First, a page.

- Clinical latency (chronic infection): This stage occurs after the body mounts a reaction to the initial infection and drives the viral load down. This period can last approximately ten years and is typically asymptomatic. However, without treatment, the viral load slowly rises in the background, and CD4+ T cell levels slowly fall.
- AIDS: This a late stage of HIV and that is defined by having either a CD4+ T cell count of <200 cells/mm3 or an AIDS-defining illness. Individuals with AIDS are at increased risk of acquiring opportunistic infections, which are infections that may not usually cause complications in an HIV-negative individual but can in someone who is HIV-positive.
HIV is an RNA virus, which means its genetic information is stored on bits of RNA. The rest of the virus is made up of proteins and a lipid membrane. Some of the proteins act as antigens in the body, which means that when the human body is exposed to them, the body mounts an immune response. The antigen that most screening and diagnostic tests look for is called p24. p24 is a protein that forms the capsid, the protective shell around HIV’s genetic information. In response to exposure to p24 and other antigens, the human body creates antibodies. However, antibodies can take 2-12 weeks to develop, which is an important point when discussing testing options for HIV.
9 things you need to know about HIV
How was HIV testing developed?
The first test to look for HIV was developed in 1985. The test used a technique called indirect ELISA, and it did not look for HIV directly. Instead, it was an antibody test, meaning it could detect antibodies that the body made to the virus. Because the body takes up to 12 weeks to mount a sufficient antibody response, the indirect ELISA test could not accurately identify HIV within that 12-week window. Additionally, techniques called western blot or immunoassay were needed to confirm positive results.
Over time, different versions or “generations” of the test were created (Alexander, 2016). Improved versions added in other antibodies (including testing for IgM antibodies, which appear more quickly than IgG antibodies) and also included testing for antigens. Second generation tests became available in 1987, third-generation in 1991, fourth-generation in 1997, and fifth-generation in 2015.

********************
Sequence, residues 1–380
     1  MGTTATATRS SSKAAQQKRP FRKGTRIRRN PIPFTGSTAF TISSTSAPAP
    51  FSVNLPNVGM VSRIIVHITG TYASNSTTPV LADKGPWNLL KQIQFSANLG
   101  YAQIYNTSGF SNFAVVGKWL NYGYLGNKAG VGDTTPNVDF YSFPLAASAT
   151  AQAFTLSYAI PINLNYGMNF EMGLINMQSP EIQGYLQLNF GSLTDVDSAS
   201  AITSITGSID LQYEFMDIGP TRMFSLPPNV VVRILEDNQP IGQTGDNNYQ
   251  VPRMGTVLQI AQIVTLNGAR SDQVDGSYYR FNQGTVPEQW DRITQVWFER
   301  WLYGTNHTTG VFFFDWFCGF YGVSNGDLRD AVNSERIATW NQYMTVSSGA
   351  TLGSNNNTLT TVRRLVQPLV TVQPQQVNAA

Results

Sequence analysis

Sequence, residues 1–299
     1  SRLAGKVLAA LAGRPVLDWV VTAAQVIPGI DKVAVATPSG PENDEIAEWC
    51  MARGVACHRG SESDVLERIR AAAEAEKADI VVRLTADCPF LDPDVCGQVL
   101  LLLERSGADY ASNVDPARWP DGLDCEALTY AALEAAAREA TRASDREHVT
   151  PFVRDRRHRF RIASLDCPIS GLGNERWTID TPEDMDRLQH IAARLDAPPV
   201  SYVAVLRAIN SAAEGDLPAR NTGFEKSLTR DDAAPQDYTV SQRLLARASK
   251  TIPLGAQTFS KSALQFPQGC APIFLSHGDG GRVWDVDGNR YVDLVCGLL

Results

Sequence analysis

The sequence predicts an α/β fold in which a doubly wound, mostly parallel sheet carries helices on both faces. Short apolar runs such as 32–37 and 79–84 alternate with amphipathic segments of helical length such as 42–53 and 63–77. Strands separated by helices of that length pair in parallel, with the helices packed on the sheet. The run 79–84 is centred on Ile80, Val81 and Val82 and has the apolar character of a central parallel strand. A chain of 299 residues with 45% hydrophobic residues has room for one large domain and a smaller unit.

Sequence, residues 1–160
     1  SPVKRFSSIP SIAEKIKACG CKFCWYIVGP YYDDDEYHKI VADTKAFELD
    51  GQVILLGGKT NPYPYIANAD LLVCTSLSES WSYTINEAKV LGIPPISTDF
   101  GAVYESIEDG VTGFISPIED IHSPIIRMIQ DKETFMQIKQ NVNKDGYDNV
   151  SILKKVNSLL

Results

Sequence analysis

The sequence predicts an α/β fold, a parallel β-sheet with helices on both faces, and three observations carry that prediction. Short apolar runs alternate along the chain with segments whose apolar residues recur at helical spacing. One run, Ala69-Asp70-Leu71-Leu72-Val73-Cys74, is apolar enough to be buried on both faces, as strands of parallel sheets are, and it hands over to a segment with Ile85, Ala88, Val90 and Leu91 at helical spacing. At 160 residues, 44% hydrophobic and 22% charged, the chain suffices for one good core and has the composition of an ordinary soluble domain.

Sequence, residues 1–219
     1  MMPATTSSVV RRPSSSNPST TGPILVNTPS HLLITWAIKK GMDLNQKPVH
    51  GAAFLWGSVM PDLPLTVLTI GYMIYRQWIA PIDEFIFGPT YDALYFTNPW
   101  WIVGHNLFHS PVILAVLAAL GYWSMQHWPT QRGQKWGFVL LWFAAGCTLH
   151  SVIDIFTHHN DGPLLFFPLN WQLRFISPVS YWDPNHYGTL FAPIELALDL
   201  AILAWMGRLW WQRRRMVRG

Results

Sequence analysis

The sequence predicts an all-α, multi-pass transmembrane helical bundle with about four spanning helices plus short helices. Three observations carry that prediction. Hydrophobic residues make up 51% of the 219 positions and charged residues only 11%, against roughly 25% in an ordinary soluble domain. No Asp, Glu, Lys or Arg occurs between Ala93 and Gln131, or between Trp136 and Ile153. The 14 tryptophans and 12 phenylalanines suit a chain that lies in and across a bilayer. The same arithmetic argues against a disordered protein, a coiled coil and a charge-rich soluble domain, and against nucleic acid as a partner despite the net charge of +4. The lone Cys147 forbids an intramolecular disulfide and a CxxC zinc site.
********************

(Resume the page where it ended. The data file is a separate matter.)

The overall goal of improving HIV testing has been to develop tests that offer:
- The lowest number of false positive results (have high specificity)
- The lowest number of false-negative results (have high sensitivity)
- Accuracy as close to the time of initial infection as possible
What kinds of tests are there to diagnose HIV now?
More than 30 years later, several different types of HIV testing are available. These tests differ based on what they test for, how they are performed, how accurate they are, and how soon after exposure, they can be reliable. Unfortunately, no test can detect an infection with HIV immediately after exposure accurately. The time between exposure and when a test becomes effective is known as the window period. The main categories of available tests are (Sax, 2019):
While testing for HIV is getting better, it is not perfect. It is possible to get a false negative HIV test result (when your test comes back negative, but you do have HIV), especially if testing within the window period. The best way to ensure you are HIV-negative is to continue to undergo regular HIV screening.
What kinds of tests are there for those who already have HIV?
After diagnosis, care for HIV is lifelong. This means it is vital for all HIV-positive individuals to stay connected to healthcare, to remain compliant with treatment, and to undergo recommended laboratory testing.